BROWNSVILLE TOWNSHIP AND VILLAGE.
Brownsville is the central township of the five that border on the Mississippi
River, which forms its eastern boundary. On the north lies Hokah Township, on the west Union and Mayville, and
on the south Crooked Creek. Though Brownsville embraces a part of two government townships, it is several sections
smaller than a full town. Between the river and the village there are no intervening sloughs, there being, consequently,
a good natural landing, a condition quickly noted by Job Brown, the pioneer, when in quest of a town site.
At this point, from the riverís bank rises Wild Cat Bluff, nearly 500 feet in height, and which, being the highest
point on the river for mfles, was a prominent landmark for the early pilots and steamboat captains. The landing
here was also the point of debarkation for a large number of the pioneer settlers, especially those going to Caledonia
and the vicinity.
The material of the bluffs is sandstone as a base, with limestone near the top, and some good quarries have been
opened, where lime is made. Both varieties of stone have been used for building purposes.
The principal river, aside from the Mississippi, is Wild Cat Creek, coming from the west, and a branch from the
south, which unites with the main creek a mile from the village, the stream thus formed entering the Mississippi
by way of a slough that starts opposite the lower end of the town. The precipitous bluffs on the river lead to
elevated plateaus, with prairie-like expansions, covered with fine farms. Both lowlands and highlands, though differing
somewhat in the character of their soil, are in most places are well adapted to agricultural purposes, and have
been so utilized since the early settlers located here. Some of the land, however, can only be used for pasturage.
Brownsville was settled in 1848 by Job Brown and two wanderers whom he encountered living on an island in the river.
In the winter he brought his brother, Charles Brown, and his brother-in-law, James Hiner, as well as some helpers.
In 1850 came. David Brown, not a relative of the other Browns. A little later came William Morrison and William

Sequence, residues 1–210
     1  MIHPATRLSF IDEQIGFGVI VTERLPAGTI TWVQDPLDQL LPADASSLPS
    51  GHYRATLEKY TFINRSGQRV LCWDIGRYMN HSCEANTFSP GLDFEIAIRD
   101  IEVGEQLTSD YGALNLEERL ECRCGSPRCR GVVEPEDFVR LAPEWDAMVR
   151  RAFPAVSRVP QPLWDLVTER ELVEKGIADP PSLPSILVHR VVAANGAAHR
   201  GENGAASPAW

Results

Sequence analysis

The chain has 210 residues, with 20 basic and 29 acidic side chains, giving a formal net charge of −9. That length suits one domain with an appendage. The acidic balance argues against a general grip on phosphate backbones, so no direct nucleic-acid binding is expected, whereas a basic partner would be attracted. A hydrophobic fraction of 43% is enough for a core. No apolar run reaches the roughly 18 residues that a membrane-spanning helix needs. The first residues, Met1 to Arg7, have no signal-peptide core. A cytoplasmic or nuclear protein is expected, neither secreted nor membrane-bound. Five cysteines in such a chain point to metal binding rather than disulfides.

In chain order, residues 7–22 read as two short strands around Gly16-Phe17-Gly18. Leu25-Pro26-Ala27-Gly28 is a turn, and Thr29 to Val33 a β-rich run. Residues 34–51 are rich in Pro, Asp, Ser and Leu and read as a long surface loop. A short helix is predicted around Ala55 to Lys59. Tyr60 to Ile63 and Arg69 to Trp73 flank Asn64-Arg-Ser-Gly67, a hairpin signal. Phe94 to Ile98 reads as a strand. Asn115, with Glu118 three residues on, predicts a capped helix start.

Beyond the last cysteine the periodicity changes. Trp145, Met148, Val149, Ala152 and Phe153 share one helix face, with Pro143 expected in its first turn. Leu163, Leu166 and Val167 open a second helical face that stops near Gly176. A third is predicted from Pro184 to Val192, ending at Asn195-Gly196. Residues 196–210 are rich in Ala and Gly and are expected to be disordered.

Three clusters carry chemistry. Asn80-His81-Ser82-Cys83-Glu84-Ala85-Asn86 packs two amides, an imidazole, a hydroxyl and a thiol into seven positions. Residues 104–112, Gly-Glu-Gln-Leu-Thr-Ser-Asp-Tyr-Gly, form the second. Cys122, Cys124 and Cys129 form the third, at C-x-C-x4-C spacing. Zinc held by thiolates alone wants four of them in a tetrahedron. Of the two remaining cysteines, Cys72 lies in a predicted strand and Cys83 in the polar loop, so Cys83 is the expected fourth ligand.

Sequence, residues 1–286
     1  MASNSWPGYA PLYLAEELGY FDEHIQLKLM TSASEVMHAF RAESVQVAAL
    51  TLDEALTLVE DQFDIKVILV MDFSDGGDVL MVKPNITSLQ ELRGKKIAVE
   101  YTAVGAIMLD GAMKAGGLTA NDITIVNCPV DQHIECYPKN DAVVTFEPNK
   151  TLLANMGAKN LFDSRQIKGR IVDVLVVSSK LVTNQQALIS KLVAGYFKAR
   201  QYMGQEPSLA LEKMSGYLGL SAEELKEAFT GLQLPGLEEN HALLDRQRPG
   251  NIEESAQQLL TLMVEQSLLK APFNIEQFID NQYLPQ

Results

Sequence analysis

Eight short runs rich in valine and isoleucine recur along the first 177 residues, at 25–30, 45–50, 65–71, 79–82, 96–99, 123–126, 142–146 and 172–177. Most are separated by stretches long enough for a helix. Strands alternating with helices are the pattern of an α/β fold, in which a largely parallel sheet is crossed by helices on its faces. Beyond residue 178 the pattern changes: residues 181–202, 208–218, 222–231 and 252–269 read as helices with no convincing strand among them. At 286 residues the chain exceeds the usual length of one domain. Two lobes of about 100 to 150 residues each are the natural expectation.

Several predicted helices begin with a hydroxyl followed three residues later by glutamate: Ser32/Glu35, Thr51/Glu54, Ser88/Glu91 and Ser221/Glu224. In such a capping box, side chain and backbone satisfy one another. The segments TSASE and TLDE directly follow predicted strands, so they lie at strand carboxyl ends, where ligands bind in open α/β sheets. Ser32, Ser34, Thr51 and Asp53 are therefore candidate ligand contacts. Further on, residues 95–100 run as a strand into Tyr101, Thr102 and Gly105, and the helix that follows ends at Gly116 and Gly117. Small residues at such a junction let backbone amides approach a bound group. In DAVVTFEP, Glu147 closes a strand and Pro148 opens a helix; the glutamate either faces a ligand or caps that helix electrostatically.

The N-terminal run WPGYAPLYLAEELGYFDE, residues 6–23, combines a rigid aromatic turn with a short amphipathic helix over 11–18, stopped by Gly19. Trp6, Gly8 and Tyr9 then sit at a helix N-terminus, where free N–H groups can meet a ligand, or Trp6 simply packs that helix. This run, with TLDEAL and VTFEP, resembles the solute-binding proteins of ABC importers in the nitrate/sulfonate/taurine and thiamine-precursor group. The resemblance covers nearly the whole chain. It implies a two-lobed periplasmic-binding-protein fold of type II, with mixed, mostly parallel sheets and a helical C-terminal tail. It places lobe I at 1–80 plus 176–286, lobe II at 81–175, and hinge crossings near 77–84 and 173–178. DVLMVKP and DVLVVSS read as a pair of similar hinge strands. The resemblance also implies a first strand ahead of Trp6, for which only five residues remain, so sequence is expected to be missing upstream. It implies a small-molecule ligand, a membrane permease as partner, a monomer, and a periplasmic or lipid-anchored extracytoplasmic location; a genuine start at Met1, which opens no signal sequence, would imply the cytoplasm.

Blair. These men all settled in the village, and there the history of the township has since centered.
Among the earliest settlers in the township, outside of the village, were George Shrof, John Whitlow, Mr. Stone
and Mr. Watson, who located on the ridge to the north, which was known as Connaught Ridge, owing to the number
of Irish who took claims there. Among them was Dennis Sheehan, who put up a shanty in 1853; William Power and his
father, in 1854. James Hickey, who came in April, 1854, located on section 10, and Jbnathan Hall on section 4 the
same year. John Shelly, who at first stopped a few miles above the village, also took a claim in section 4, but
two years later moved into the village. Within the next three years John Flannery, Joseph Keefe, Thomas Gavin and
The first building put up in town was one of logs, moved down from an island opposite the mouth of the Root River.
It measured 14 by 12 feet, and had a "shaker" roof. It was about 300 yards above the stone warehouse.
The second house was just above the spring and was afterward sold to William Morrison, better known as "Wild
The first frame building was erected by Charles Brown in 1850, and it was afterwards used as a schoolhouse. Mr.
Brown also built the first public building, which was called the town hail, and was used both as a church and a
schoolhouse. The Methodist Episcopal society held services in it for a number of years, and it was used first as
a schoolhouse in May, 1857, with Mary J. Wells as teacher, and A. McLaren, Charles Brown and J. H. Smith as trustees,
its use in the latter capacity being abandoned when the large brick schoolhouse was erected.
In a very few years after the founding of the village, it presented a lively scene. In 1855 the levee was crowded
with goods, and during the quarter ending June 30 the land sales amounted to $74,292. The census then gave the
county a population of 2,616. There was a theatre in successful operation in the village, and lots were selling